Bird’s Eye View of Hokkaido
Ben Kerr has had a keen eye for opportunity and an ability to create businesses that have taken off since flying over from Australia in the early 1990s. This didgeridoo-playing, road cycling, real estate expert’s latest passion has given him a bird’s eye view of a landscape he’s helped shape over more than two decades in Hokkaido. Gardner Robinson recently caught up with the Niseko-based pilot to find out what lies on the horizon.
Gardner Robinson: What initially brought you to Hokkaido?
Ben Kerr: A friend was making a snowboarding film in Niseko—he invited me to come lend a hand with translation.
GR: What’s kept you here?
BK: Powder, the people and Hokkaido’s delicious food.
GR: We first met in the late 90s in Niseko; you were working at Niseko Adventure Centre. A lot has happened since those days from building Niseko Real Estate and Niseko Green Farm to becoming a pilot.
BK: Great NAC memories of flipping rafts on the Mukawa River! I guess timing was on our side. With Japan’s domestic ski tourism in decline, welcoming overseas guests seemed the natural step. These same guests then started asking questions about real estate ownership and the best places to buy organic veggies.
GR: You’ve had a front row seat to the development in the Niseko area over the past 25 years. From big initial changes to steady progress; what stands out for you?
BK: It has been fascinating to watch Kutchan Town transform into the international hub for Niseko. Initially there were no ATMs so everyone was encouraged to turn up with big wads of cash—good thing Japan is such a safe country!
GR: Before flying you got pretty serious into road cycling and started racing. Do you still get on the bike?
BK: I think Hokkaido’s laid-back summer roads lull almost everyone into cycling. Having experienced the racing excitement of the Tour de Okinawa, it became a dream to create something similar here in Niseko—eventually growing into the Hanazono Hillclimb and Niseko Classic cycling events. I haven’t raced for a couple years, but always keen to head out for a spin with friends.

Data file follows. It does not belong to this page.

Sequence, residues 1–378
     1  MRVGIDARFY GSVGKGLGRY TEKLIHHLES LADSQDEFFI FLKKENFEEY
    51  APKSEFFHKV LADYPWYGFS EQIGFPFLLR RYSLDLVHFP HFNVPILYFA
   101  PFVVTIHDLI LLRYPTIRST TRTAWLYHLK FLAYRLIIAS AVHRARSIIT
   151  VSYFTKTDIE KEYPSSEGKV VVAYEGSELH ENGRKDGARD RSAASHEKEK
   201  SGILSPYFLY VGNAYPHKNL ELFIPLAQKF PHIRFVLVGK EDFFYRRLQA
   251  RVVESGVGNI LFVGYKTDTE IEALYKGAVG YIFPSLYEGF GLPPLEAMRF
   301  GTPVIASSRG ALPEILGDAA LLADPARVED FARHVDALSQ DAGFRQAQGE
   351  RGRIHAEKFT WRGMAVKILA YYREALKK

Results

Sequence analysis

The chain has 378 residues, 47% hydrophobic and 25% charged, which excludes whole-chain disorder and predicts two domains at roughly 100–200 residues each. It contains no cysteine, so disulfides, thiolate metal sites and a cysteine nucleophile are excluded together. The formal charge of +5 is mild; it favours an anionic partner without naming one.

GR: Where did your interest for flying come from?
BK: Our father took us up in single-engine planes—got us hooked at a young age!
GR: Was it difficult getting a license in Japan?
BK: Transferring an Australian PPL (Private Pilot License) to the JCAB (Japan Civil Aviation Bureau) PPL is relatively simple, just requiring a Japanese radio license and local aviation law test. Most additions (e.g. seaplane rating) can also be secured overseas and added on to the JCAB license.
GR: Tell us about your plane. Why an XCub?
BK: I was hoping to fly from the farm, so I needed a rugged plane with full FAA Certification. Cubcrafter’s XCub fits the bill—needing only about 100 meters to take off and land. It has plenty of propeller clearance and those big Alaskan bush wheels help soak up any bumps.
All I have to do is look out for the goats when landing…
GR: What makes Hokkaido a great and challenging place to fly?
BK: With flats, mountains, rivers and lakes, Hokkaido has a lot to offer. It’s amazingly beautiful from the air! There are plenty of big and little airports to choose from, it’s easy to source aviation gas and general aviation airplanes are welcome pretty much everywhere.
Winter weather does make flying challenging at times, but fingers crossed we will have some skis approved for the plane shortly.
GR: What’s a typical flight if you wanted to go have some fun?
BK: Last year we put one of the XCubs on amphibious floats, adding the option of water landings. Lake Toya is amazing, with wharfs to dock at, and delicious places to have lunch. On a hot day jumping off the floats for a swim is hard to beat! Come ikura and uni season, a flight up to the majestic Rishiri Island is also lots of fun.
GR: Have you flown around to other parts of Japan?
BK: Within Japan, I have ventured as far south as Hiroshima. Beautiful adventure, but I actually had a flat tire mid-way. Everyone was so friendly and helpful and we were back on track in no time. I’ve yet to fly overseas from Japan—a vodka run to Sakhalin is only a quick dash from the top of Hokkaido. A group of AOPA-J (Japan’s Aircraft Owner and Pilot Association) members did this trip from Bibai Sky Park in 2019. I’m keen to join next time.
GR: What’s next on your flight path?
BK: This year I’m hoping to reach Okinawa and explore various lakes, rivers and dams during the trip. It appears many places have never have had a floatplane land. No doubt we will see a few surprised faces on the way!
Bird’s Eye View of Hokkaido